Students collect money to assist Toys for Tots

When middle school students at C.T. Walker Traditional Magnet School learned about the recent Toys for Tots burglary, they immediately opened up their hearts and their wallets, said seventh grade teacher Ashia Smith.

 

In just over a week, 225 students rallied to collect $782.41 in addition to the toys the school had already collected for Toys for Tots. Smith, who organized the event with students, said it is a great accomplishment considering the background of many of their students.

“We are a title one school, and it’s very possible that some of those students (needing Toys for Tots) could be our own students,” she said.

This isn’t the only time the school has stepped up to help the community. Throughout the year, students assist with various projects including recently raising over $1,000 for Augusta Warrior Project, visiting the Georgia War Veterans Nursing Home, holding a pajama drive for low-income families and raising money and awareness for juvenile diabetes.

“It’s part of our learning service focus and the kids taking the initiative to say this is a need in our community,” principal Aletha Snowberger said. “Kids are genuine. A lot of times they give without expecting anything in return and get joy out of doing it.”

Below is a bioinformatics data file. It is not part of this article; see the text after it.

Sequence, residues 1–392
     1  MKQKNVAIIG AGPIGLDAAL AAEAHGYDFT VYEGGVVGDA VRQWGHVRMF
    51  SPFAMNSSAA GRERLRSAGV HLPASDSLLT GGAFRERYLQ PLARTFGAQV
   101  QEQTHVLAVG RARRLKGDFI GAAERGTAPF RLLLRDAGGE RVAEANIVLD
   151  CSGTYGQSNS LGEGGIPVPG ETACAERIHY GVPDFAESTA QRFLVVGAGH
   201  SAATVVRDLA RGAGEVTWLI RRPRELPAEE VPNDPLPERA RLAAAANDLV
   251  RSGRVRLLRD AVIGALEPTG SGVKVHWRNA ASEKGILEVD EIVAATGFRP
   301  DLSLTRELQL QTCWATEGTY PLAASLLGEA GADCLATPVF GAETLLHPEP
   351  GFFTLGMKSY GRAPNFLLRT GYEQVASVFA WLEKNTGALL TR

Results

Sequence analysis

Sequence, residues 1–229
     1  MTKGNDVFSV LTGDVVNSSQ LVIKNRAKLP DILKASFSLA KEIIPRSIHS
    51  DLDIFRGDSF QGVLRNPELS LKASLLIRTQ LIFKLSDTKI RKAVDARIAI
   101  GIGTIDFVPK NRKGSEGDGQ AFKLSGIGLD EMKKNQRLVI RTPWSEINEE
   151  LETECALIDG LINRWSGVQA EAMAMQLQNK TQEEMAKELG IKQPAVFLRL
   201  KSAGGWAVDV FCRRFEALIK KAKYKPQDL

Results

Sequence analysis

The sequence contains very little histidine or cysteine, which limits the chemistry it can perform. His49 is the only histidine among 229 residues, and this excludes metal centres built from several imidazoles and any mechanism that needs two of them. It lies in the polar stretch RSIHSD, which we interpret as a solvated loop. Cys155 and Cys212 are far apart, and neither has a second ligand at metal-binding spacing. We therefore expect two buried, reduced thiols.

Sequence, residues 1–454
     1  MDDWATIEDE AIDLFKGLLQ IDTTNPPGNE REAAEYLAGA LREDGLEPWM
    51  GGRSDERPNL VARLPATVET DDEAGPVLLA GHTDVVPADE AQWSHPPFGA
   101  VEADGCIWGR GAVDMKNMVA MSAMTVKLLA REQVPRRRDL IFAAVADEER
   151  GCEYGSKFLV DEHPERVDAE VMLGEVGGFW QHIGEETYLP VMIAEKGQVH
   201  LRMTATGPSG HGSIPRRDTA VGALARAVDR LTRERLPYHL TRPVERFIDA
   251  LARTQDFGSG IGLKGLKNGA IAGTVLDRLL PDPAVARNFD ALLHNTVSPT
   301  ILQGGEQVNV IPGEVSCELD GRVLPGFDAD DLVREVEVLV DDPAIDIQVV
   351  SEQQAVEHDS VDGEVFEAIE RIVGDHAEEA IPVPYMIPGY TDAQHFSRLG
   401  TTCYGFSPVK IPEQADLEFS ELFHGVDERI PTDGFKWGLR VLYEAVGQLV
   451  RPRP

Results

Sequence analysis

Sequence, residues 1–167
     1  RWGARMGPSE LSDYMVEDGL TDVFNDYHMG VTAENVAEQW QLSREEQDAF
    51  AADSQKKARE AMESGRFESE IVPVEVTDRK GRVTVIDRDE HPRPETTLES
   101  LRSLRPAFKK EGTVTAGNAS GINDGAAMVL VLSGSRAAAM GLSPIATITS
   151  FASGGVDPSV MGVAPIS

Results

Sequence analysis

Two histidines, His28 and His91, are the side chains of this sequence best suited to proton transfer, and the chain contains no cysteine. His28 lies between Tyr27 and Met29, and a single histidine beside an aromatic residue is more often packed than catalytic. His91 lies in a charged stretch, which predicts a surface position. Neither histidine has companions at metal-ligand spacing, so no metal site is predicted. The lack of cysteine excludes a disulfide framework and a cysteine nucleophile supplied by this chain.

Students did have a couple of incentives to collect money. Some students paid $1 to wear a hat, something they are normally not permitted to do. But the biggest motivator came from being able to place money in containers with teachers’ names on them. The teacher with the money in his or her container had to sing a song in front of the entire school at their Christmas program Thursday. Teachers went into survival mode and encouraged students to vote for other teachers, Snowberger said.

It was organizer and fundraising enthusiast Smith who won the privilege to perform Do You Hear What I Hear? in front of her peers and students, although, fellow teacher Jasmine Sims lent a hand. Smith didn’t seem to mind, only focusing on the passionate drive of her students.

“I’ve never seen anything like that,” Smith said. “I’m so proud of them.”

 

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